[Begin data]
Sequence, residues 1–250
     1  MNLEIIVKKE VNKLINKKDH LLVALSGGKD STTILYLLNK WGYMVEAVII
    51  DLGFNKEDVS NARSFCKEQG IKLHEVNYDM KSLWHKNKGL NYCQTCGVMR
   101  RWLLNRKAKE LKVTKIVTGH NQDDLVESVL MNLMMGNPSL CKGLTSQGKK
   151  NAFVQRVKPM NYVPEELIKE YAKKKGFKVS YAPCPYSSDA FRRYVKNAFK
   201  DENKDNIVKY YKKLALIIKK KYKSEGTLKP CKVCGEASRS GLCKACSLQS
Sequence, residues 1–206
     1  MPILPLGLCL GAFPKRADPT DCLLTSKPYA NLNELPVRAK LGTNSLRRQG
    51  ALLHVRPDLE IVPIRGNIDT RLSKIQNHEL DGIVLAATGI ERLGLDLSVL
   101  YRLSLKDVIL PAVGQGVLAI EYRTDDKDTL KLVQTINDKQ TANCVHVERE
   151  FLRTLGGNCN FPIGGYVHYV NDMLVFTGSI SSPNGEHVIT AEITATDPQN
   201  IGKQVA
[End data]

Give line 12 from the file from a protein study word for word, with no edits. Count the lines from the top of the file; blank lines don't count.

   201  IGKQVA